Landing a commercial aircraft smoothly can be challenging. Factors such as how experienced the pilot is and whether there are crosswinds can make or break a landing. If the pilot isn’t highly experienced and there are crosswinds on a short landing, the passengers may be uneasy as soon as the wheels touch down.
While this is uncomfortable, it is not dangerous because the equipment holding up the aircraft is built to handle this kind of stress. More specifically, the tires are strong enough to keep everything in check.
Airplane tires show incredible levels of strength and endurance. An airliner can handle a 38-ton load and can hit the ground 500 times before needing a re-tread; tires are re-treaded about seven times before needing a full replacement.
What Makes Airplane Tires Strong
Large airliners land at about 150 to 200 mph—an easy speed for the 27-inch tires to endure. The tire is made of protector, belt, and casing plies arranged in layers. A durable nylon or aramid cord is below the rubber tread and is designed to resist wear.
What reinforces the airplane tires’ indestructibility is the initial amount of nitrogen pumped into them. This can then be topped off with air, if needed.
Each airplane tire has maximized pressure—about six times more than how much pressure is in automobile tires. Most aircraft tires are inflated to 200 psi, while an F-16 fighter jet is at 320 psi.
When planes initially touch the ground, the tires are dragged along the runway until they’re able to rotate at the same speed the plane is moving. The reason plane tires don’t pop upon landing is that tire companies such as Michelin AIR and Michelin Aviator design the tread with groves rather than the block patterns we see on automobile tires.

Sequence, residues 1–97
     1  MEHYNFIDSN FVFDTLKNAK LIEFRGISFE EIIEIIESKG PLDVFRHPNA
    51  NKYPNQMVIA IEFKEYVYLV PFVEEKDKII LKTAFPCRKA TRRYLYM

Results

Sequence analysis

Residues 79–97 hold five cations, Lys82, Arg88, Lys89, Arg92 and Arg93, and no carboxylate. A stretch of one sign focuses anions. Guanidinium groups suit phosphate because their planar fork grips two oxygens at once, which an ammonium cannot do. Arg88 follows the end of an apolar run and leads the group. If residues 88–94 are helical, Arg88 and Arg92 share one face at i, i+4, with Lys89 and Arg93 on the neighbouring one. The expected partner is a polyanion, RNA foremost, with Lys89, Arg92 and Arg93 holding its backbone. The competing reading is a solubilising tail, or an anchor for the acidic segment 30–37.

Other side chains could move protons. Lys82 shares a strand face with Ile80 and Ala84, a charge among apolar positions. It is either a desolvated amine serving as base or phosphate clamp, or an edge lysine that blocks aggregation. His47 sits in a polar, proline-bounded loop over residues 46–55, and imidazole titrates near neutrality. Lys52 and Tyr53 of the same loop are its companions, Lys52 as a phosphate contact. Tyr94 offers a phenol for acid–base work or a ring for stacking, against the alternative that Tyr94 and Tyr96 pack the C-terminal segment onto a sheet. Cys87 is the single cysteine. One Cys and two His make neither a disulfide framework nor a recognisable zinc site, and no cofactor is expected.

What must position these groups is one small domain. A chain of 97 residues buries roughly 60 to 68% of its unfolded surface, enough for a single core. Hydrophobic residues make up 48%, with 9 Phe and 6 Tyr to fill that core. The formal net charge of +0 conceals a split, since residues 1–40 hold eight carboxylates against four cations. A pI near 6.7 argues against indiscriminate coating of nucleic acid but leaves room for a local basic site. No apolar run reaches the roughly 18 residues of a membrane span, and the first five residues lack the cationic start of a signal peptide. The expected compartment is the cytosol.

Aviation standards and regulations apply to airplane tires and they require tires to withstand four times their pressure for at least three seconds. This ensures safety, even though it may not always feel like it when you experience a bumpy landing.
The Big Four of the Aircraft Manufacturing Industry
After the aircraft tire manufacturing industry took flight in the early 1900s, companies all over the world were established.
Four corporations control 85% of the market. Goodyear in the United States, Michelin in France, Dunlop Aircraft Tyres in the United Kingdom, and Bridgestone in Japan. Smaller industry companies located in China and Singapore also manufacture aircraft tires, the latter making tires for Boeing-737.
According to Goodyear’s aviation tire catalog, a tire for a Boeing-747 sized 50×20.0R2, 32 PR, 235 mph comes in at around $10,000 a tire. The plane requires 16 main landing gear tires and two nose landing gear tires.
The industry is working towards perfecting the aircraft tire. Incorporating technology into the tires has also become a priority because the tire could collect information and data allowing design improvements. The companies also design tires for aerospace ventures, including the tires that can effectively move across the sand on Mars and other foreign surfaces.